Volkswagen Passat

Agile chassis argues the case for more power



LIKE a classic, beautifully made suit, Volkswagen’s new-gen Passat is on a mission to out-class the rest of the room. Thing is, that doesn’t just include obvious rivals like the Mazda 6, but premium Euro fodder like 3 Series and C-Class too. The B8 Passat is begging for blood, much like a grown-up Golf on a fox hunt.

Given the Golf’s overwhelming popularity in Australia, it’s easy to forget the Passat’s importance to Volkswagen globally. More than a million are sold each year, making Passat Wolfsburg’s number-one seller, as well as its oldest living nameplate (42 years).

Like the previous B6/B7 generation (2005-2014), the all-new B8 Passat is a larger relative of the transverse-engined Golf, meaning this one rides on VW’s latest-gen MQB platform, stretched between the wheels to 2791mm and trimmed by up to 80kg. To bolster its sex appeal, the B8’s leggy new wheelbase has been squeezed into a body that’s 2mm shorter, 12mm wider and 34mm lower, with less overhang and a more muscular, broad-arched stance.

When buffed with the full smorgasbord of options, including Luxury and R-Line packages – available on both the mid-spec Comfortline and top-shelf Highline – that incorporate a shedload of glam gear (see sidebar), the new Passat transcends its price point to offer genuine driveway presence for relatively affordable coin.

But does it offer a premium driving experience? Given its Golf VII genes, that was virtually a no-brainer. All the B8 Passat had to do was drive like a Golf, only bigger, and that’s exactly how it feels. It’s surprisingly sporty, too, with excellent handling balance and a shrink-wrapped feel at odds with its voluminous cabin acreage.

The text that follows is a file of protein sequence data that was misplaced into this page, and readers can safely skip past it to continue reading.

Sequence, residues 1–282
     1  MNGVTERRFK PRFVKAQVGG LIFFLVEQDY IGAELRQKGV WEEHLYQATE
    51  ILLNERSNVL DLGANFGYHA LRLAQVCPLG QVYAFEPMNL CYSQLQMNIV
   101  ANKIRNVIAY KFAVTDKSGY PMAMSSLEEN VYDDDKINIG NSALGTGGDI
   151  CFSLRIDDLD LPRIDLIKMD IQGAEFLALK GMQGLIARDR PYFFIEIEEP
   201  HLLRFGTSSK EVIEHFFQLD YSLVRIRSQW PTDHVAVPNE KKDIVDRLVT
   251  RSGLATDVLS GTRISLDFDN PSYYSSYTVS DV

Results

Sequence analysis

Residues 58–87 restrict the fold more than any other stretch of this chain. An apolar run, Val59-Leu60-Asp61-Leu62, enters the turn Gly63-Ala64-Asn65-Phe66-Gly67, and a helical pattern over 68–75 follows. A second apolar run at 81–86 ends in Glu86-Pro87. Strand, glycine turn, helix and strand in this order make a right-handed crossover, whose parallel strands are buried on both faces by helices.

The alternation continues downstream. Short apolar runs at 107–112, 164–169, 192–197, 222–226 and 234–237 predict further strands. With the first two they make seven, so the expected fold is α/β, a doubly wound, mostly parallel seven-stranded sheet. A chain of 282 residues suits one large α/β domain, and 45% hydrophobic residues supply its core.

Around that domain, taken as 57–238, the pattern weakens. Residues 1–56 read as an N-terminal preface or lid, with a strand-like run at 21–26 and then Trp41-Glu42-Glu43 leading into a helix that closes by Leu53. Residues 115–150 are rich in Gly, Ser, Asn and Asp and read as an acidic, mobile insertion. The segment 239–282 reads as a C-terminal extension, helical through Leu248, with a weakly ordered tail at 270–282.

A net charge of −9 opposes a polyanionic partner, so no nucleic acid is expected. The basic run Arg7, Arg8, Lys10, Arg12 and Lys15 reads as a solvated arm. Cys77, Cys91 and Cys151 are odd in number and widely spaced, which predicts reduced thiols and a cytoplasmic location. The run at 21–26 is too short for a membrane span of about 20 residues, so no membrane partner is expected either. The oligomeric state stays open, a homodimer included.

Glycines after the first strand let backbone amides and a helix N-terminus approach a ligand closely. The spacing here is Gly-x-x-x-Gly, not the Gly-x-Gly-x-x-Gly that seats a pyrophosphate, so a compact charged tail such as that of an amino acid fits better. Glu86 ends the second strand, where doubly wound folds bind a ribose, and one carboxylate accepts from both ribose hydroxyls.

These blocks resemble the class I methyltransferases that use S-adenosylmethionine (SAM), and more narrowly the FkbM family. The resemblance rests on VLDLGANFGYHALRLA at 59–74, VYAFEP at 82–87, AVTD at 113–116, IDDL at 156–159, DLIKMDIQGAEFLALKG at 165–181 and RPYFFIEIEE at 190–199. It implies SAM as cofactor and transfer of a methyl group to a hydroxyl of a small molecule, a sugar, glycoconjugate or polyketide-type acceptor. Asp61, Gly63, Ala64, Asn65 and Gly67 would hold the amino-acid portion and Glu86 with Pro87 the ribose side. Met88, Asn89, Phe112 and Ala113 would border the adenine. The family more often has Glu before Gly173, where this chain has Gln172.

Even the base $34,990 Passat 132TSI gets adaptive damping standard, which delivers a welldamped ride and disciplined body control in both Normal and Sport settings. But Passat’s chassis has so much more up its sleeve. Sweet as the 1.8-litre turbo-petrol is, with a subtle snarl as its tacho swings towards 7000rpm, it’s no match for the chassis’ depth of ability.

Likewise the 140TDI turbo-diesel (Highline only), which is torquey down low but breathless up top, tempered by an exceptional fuel number (4.8L/100km). What our Passat really needs is either the 162kW or 206kW 2.0-litre turbopetrol four offered in Europe.

Apparently VW Oz is working on it.

Still, there’s much to like about the new-gen Passat. Even at entry level, it exudes understated class, bolstered by an equipment list as vast as its benchmark luggage space. Unless you’re chasing serious grunt, the Passat proves that spending more on a premium European sedan (or wagon) is mostly an exercise in vanity.

Model Engine Max power Max torque Transmission Kerb weight 0-100km/h Economy Price On sale Volkswagen Passat 132TSI Comfortline 1798cc 4cyl, dohc, 16v, turbo 132kW @ 5100-6200rpm 250Nm @ 1250-5000rpm 7-speed dual-clutch 1450kg 7.9sec (claimed) 6.0L/100km $39,990 Now


R-Line’s lack of a suitable engine to support its handling and styling Sporty chassis; slick cabin; seat comfort; equipment; sweet 1.8 petrol

Added flavour

VW is pushing super-hard with Passat’s kit. Even the base car gets alloy 17s, satnav, three-zone climate and nine airbags, while at the upper end, Luxury ($3500) and R-Line ($3000) packs turn the Comfortline into a sports-luxe stunner for $46K.

R-Line adds a 15mm-lower sports chassis, progressive steering with just 2.1 turns, a Golf GTI wheel, 19s, sports seats, Nappa leather and a styling makeover, while the Luxury pack ticks full-LED lights at both ends, ambient cabin lighting, and a sunroof.

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